By Alex Tsai
Rev. Dr. Tiffany Steinwert, who was appointed the University’s new dean for Religious Life on Oct. 1, 2018, will assume the role on Monday and succeed the Rev. Professor Jane Shaw, who served in the position since fall 2014 and left Stanford at the conclusion of the 2017-2018 academic year to become principal of Harris Manchester College at the University of Oxford.
As dean, Steinwert will serve as minister of Memorial Church and work with the Inclusion, Diversity, Equity & Access in a Learning Community (IDEAL) initiative chaired by Drell and developed under Stanford’s Long-Range Planning (LRP) process.
“The new leader of our Office for Religious Life, Tiffany Steinwert, will bring the passion, scholarship and experiences that will help our diverse community navigate celebrations and challenges — and will support and enliven our individual religious and spiritual journeys,” Drell told Stanford News.
In an interview with The Daily, Steinwert said the role that a dean for Religious Life plays in a college community is threefold. First, Steinwert aims to provide religious access to students of all faith traditions and no faith traditions. Second, Steinwert seeks to foster an environment in which students learn about and form relationships with peers who practice or believe faiths that diverge from their own.
“Religious and spiritual life ought to be aimed at creating appreciative knowledge, not just surface knowledge, about diverse traditions,” Steinwert said. “That’s part of education for global competency … Students ought to bring people together around common values for a shared purpose, so that they are doing real work together in forming a community.”
The third role, Steinwert added, is to help students answer “life’s most fundamental question, which is ‘who am I?’ and ‘Who do I want to become for the sake of the world?’”
“What I value about Stanford University is the understanding that the cultivation of whole citizens, of engaged global citizens, necessitates having religion and spirituality at the center of higher education,” Steinwert said.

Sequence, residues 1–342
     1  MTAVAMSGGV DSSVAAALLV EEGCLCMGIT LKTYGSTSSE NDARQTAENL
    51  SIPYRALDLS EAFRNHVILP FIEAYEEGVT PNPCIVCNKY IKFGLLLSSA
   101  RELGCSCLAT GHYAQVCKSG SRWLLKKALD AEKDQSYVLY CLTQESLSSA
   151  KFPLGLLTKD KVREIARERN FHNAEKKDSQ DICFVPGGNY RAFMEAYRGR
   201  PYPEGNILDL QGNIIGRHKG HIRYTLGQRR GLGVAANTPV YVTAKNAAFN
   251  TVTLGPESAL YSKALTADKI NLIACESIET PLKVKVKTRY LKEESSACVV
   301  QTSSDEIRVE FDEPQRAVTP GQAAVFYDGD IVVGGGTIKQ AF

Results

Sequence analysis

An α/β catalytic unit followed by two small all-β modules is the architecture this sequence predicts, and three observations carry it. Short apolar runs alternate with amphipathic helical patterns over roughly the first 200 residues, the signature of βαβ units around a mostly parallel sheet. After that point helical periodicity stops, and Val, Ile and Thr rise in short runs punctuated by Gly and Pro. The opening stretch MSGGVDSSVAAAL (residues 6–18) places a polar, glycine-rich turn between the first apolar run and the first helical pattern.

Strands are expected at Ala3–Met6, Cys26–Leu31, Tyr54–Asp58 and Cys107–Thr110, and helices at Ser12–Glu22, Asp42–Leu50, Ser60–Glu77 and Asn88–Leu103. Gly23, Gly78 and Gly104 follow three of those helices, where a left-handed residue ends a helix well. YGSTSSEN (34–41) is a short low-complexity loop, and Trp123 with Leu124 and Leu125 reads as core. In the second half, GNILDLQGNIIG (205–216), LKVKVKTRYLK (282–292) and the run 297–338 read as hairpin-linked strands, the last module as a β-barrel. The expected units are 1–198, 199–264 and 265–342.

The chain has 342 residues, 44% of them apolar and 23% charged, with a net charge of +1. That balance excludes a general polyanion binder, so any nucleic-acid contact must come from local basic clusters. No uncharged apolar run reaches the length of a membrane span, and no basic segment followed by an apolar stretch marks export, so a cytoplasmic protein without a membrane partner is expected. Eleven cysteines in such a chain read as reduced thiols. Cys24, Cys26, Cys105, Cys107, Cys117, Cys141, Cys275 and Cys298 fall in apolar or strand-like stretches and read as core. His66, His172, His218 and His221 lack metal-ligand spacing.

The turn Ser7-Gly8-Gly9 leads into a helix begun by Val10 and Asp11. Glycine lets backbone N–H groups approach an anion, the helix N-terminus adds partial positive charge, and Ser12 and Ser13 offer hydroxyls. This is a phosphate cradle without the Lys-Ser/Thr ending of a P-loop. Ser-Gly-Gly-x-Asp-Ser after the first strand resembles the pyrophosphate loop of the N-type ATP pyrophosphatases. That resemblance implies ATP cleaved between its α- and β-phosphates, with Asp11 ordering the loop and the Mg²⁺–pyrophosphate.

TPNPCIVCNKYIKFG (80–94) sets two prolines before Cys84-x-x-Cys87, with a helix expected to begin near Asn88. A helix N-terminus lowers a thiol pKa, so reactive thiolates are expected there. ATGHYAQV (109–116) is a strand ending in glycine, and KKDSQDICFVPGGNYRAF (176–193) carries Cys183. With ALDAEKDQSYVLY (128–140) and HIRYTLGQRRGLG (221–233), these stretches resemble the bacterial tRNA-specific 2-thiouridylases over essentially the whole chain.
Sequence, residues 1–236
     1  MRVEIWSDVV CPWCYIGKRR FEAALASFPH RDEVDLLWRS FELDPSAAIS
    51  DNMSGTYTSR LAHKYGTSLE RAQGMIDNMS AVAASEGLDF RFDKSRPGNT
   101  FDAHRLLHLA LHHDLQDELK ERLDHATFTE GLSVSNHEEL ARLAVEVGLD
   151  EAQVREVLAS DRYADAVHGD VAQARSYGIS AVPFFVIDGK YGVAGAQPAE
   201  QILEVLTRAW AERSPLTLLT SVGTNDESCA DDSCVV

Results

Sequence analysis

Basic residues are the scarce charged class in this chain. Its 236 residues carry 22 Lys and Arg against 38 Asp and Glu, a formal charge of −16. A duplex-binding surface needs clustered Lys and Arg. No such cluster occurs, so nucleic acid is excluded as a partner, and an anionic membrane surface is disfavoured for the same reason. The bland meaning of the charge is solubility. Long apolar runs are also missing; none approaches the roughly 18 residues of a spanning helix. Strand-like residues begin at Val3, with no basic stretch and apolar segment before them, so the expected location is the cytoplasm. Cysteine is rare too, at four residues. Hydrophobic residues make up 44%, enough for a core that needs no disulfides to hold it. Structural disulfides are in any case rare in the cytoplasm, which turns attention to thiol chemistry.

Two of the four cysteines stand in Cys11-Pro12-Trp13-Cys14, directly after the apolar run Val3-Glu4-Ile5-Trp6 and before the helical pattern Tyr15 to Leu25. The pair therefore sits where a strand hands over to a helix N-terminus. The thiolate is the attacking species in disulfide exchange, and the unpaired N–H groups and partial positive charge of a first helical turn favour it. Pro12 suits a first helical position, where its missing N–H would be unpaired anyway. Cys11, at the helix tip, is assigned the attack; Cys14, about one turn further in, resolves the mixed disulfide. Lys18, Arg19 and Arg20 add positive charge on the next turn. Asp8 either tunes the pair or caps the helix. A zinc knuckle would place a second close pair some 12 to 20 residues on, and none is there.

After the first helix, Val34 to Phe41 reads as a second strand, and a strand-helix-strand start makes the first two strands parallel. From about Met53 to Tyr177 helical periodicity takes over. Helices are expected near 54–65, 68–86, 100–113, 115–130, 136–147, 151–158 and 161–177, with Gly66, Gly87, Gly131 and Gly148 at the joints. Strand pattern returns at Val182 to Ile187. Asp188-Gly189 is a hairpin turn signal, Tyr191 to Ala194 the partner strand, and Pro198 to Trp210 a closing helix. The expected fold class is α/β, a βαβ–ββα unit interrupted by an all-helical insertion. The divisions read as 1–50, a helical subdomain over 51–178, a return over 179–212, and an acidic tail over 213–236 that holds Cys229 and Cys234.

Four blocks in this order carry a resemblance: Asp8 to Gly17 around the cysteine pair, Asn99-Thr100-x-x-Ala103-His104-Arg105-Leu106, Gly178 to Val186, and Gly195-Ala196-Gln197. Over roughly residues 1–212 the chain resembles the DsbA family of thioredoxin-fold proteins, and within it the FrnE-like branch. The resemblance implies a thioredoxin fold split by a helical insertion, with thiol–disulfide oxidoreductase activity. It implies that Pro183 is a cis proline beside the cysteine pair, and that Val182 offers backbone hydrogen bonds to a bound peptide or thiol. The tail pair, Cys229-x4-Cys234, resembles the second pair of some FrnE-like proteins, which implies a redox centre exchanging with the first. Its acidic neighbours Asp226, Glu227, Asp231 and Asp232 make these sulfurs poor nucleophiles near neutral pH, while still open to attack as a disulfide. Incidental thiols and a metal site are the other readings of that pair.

She added that religion and spirituality will advance Stanford’s commitment to being engaged in the wider world.
“Students who leave Stanford University with a clear moral compass, a keen sense of vocation and a holistic understanding of wellness and balance will be better able to change the world,” Steinwert said.
Steinwert, who has been a part of the inclusion and diversity work of every university where she has previously served, will partner with Drell to advance the mission of IDEAL. Through IDEAL, Steinwert hopes to create structural change to “level the playing field” for all students, regardless of background.
“You have to change systems, you have to educate individuals and communities to become aware, to become conscious of bias and privilege, and then you actually have to take action,” Steinwert said. “Stanford is poised to do that. Provost Drell has a deep commitment to this work and I am thrilled to join another institution … [with a] commitment to creating a community where all students can flourish.”
Grant Parker, associate professor of Classics and co-chair of the search committee for the position, emphasized Steinwert’s experience in fostering an inclusive environment on college campuses.
“We especially appreciated her broad vision and lofty goals and her pragmatic approach to pursuing them,” Parker told Stanford News. “Her track record on inclusion and diversity bodes well for the Office of Religious Life and our community.”
Steinwert is currently the dean of Religious and Spiritual Life at Wellesley College, a role she has held since 2015. Prior to joining Wellesley, she served as the dean of Hendricks Chapel at Syracuse University from 2010 to 2015, a pastor in several Methodist congregations in New England, a national organizer for social justice organizations and a teaching fellow at Boston University and Harvard Kennedy School.
Contact Alex Tsai at aotsai ‘at’ stanford.edu.
Correction: this article has been corrected to reflect that Dean Shaw left her role as Stanford’s Dean of Religious Life at the end of the last academic year. The Daily regrets this error.